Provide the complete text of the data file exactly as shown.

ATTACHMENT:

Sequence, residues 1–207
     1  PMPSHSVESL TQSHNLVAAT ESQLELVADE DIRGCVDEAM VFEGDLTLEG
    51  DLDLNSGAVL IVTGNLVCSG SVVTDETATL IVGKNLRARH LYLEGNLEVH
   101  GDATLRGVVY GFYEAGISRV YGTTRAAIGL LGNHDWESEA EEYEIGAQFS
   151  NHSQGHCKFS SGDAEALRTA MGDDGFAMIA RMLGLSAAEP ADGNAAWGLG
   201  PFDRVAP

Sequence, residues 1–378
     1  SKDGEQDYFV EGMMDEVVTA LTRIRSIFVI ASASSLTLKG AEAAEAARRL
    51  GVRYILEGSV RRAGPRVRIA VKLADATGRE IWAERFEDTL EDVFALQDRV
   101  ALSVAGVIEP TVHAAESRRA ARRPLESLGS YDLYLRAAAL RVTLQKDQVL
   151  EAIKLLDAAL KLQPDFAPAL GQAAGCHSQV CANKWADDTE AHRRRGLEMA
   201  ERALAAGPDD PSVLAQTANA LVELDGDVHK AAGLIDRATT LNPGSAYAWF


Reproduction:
Sequence, residues 1–207
     1  PMPSHSVESL TQSHNLVAAT ESQLELVADE DIRGCVDEAM VFEGDLTLEG
    51  DLDLNSGAVL IVTGNLVCSG SVVTDETATL IVGKNLRARH LYLEGNLEVH
   101  GDATLRGVVY GFYEAGISRV YGTTRAAIGL LGNHDWESEA EEYEIGAQFS
   151  NHSQGHCKFS SGDAEALRTA MGDDGFAMIA RMLGLSAAEP ADGNAAWGLG
   201  PFDRVAP

Sequence, residues 1–378
     1  SKDGEQDYFV EGMMDEVVTA LTRIRSIFVI ASASSLTLKG AEAAEAARRL
    51  GVRYILEGSV RRAGPRVRIA VKLADATGRE IWAERFEDTL EDVFALQDRV
   101  ALSVAGVIEP TVHAAESRRA ARRPLESLGS YDLYLRAAAL RVTLQKDQVL
   151  EAIKLLDAAL KLQPDFAPAL GQAAGCHSQV CANKWADDTE AHRRRGLEMA
   201  ERALAAGPDD PSVLAQTANA LVELDGDVHK AAGLIDRATT LNPGSAYAWF